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Mankind has Insignificant Impact on Climate

by Jay Lehr
Capital Press, August 19, 2010

Carbon dioxide is not a pollutant: It makes crops and forests grow faster. The earth is even greener now than it was just 20 years ago. Even if carbon dioxide were a pollutant the part contributed by man is less than 0.12 percent, and for that tiny part we would sentence the planet to programs with damaging economic impacts.

The effect of additional atmospheric carbon dioxide is limited by the amount of radiant energy. Just like adding more and more curtains to a window cuts out less and less light, so adding more carbon dioxide has a diminishing effect.

Carbon dioxide increases are not driving temperature increases; 900,000 years of ice core temperature and carbon dioxide records show that increases in carbon dioxide follow rather than lead increases in Earth temperature. This is logical because the oceans hold many times more carbon dioxide than the atmosphere, into which carbon dioxide is released as the oceans warm.

A modest amount of global warming would actually be beneficial to the natural world. The warmest period in recorded history was the Medieval Warm Period, roughly 800 to 1200 A.D., when temperatures were 7 to 9 degrees Fahrenheit higher than today, allowing great prosperity for mankind.

Temperature fluctuations during the current 300-year recovery from the Little Ice Age, which ended around 1700 A.D., correlate almost perfectly with fluctuations in solar activity. This correlation long predates human use of significant amounts of fossil fuels such as coal, oil and natural gas. At the same time Mars, Pluto, Jupiter and the largest moon of Neptune have also been warming.

NASA satellites measuring the Earth's atmospheric temperature found 2008 to be the coldest year since 2000 and the 14th coldest of the past 30 years. Even glaciers show no trend, with some growing and others melting. One of these is Mount Kilimanjaro, but the retreating ice is not from warming, but from lack of precipitation.

Most doomsday predictions are based on computer models rather than scientific observations. But these models could not even compute our recent past, let alone the far future. It has been estimated that it would take a super computer millions of years to do even a 40-year climate projection if all the climate variables were included.

Some environmentalists predict that we will soon receive all our energy from renewable sources such as wind, solar and biofuels, replacing coal, oil and natural gas. Since 70 percent of the electricity generated in the U.S. involves the burning of coal, natural gas or oil and another 20 percent from nuclear, real viable alternative energy is decades away. A single 555 megawatt gas-fired power plant in California generates more electricity per year than all 13,000 of the state's wind turbines.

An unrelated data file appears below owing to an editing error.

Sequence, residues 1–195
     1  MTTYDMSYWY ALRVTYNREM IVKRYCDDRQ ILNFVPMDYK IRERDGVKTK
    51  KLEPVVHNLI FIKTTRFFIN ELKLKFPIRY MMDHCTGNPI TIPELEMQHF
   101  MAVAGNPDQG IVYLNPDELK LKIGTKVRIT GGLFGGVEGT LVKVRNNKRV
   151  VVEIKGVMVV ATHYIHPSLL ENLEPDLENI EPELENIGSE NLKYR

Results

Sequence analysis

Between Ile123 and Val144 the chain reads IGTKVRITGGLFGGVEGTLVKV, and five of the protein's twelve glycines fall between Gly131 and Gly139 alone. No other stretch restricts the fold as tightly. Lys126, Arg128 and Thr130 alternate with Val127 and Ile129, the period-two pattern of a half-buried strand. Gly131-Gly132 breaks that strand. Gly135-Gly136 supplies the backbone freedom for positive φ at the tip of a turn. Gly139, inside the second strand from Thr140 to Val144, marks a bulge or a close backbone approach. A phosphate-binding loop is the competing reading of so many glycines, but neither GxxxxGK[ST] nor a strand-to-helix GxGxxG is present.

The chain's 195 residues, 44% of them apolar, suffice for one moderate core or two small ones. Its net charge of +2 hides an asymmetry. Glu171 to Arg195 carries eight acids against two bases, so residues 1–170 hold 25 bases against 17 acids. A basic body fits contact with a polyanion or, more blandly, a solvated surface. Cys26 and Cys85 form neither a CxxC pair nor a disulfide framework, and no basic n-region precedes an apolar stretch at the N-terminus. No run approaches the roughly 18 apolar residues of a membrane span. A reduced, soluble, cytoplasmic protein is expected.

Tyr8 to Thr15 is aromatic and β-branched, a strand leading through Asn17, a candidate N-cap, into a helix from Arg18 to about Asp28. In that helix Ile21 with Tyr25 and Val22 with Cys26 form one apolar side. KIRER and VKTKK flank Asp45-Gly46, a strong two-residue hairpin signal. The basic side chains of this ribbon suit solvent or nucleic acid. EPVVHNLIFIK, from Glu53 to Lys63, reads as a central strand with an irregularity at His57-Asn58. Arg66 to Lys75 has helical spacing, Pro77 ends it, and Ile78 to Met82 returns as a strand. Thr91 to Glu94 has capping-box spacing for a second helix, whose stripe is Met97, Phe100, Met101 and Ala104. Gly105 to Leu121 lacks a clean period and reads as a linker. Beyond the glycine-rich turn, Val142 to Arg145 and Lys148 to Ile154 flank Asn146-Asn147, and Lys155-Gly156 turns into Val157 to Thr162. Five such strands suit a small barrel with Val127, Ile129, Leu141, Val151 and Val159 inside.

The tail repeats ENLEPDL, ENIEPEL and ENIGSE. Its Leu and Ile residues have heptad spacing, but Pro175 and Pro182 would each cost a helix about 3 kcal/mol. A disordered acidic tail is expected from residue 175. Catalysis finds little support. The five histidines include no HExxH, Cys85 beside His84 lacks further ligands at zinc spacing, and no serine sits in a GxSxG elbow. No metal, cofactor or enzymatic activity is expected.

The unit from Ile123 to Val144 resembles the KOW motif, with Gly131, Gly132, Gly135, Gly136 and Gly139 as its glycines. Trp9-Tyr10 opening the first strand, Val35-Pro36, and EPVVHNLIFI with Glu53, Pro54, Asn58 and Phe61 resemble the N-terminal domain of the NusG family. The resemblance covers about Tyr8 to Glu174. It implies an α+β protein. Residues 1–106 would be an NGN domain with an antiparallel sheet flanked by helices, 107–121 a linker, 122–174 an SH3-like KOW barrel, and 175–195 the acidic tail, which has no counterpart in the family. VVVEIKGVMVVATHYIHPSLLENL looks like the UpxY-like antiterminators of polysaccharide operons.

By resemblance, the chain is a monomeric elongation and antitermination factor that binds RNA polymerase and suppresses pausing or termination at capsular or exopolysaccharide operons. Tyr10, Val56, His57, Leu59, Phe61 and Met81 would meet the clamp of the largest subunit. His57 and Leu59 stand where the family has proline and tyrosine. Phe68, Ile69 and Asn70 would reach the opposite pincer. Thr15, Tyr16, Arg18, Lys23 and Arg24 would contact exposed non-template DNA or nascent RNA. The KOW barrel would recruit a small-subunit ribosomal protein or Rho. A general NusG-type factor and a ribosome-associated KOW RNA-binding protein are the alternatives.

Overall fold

The federal government has been investing in renewable power research and technology for decades, with virtually nothing to show for it. Billions of federal dollars are diverted to the renewable power industry every year, yet the industry still cannot come close to producing power anywhere near as economically as conventional fuel sources such as coal, oil, natural gas or nuclear.

Michael Crichton said the claim of consensus in science has been the first refuge of scoundrels. It has been a way to avoid debate by claiming a matter to be settled when, in fact, it is not. Since credible scientific evidence established that carbon dioxide from mankind has little impact on temperature and none on public health, the net result of carbon dioxide limitations will be a transfer of wealth.

Maybe you have heard that 9 of the 10 warmest years recorded in the U.S. Lower 48 states since 1880 have occurred since 1995, with the hottest being 1998. That also has been shown to be inaccurate. Less than a decade ago, the U.S. government changed the way it recorded temperatures. No one thought to correlate the new temperatures with the old ones until Canadian researcher Steve McIntyre did so, correcting the record to show that 1934 was in fact the hottest year, with 1998 second and 1921 third. Four of the 10 hottest years were in the 1930s and only three in the past decade. Eight of the 15 hottest years in the past century occurred before carbon dioxide began its recent rise.

Climate change is not a scientific problem that found political support, but about eco-activists and politicians who found a scientific issue they feel can leverage them into power and control. The environment is a great way to advance a political agenda that favors central planning and an intrusive government. What better way to control someone's property than to subordinate one's private property rights to environmental concerns?

Global warming is a major industry today. Between 1992 and 2008 the U.S. government spent $30 billion on climate change research and now contributes $6 billion a year. This finances jobs, grants, conferences, international travel and academic journals. It not only keeps a huge army of people in comfortable employment, but also fills them with self-righteousness and moral superiority, regardless of the fact that real science does not support it.

Jay Lehr holds a degree in geological engineering from Princeton University and a doctorate in ground water hydrology from the University of Arizona. He is science director for the Heartland Institute.
Mankind has Insignificant Impact on Climate
Capital Press, August 19, 2010

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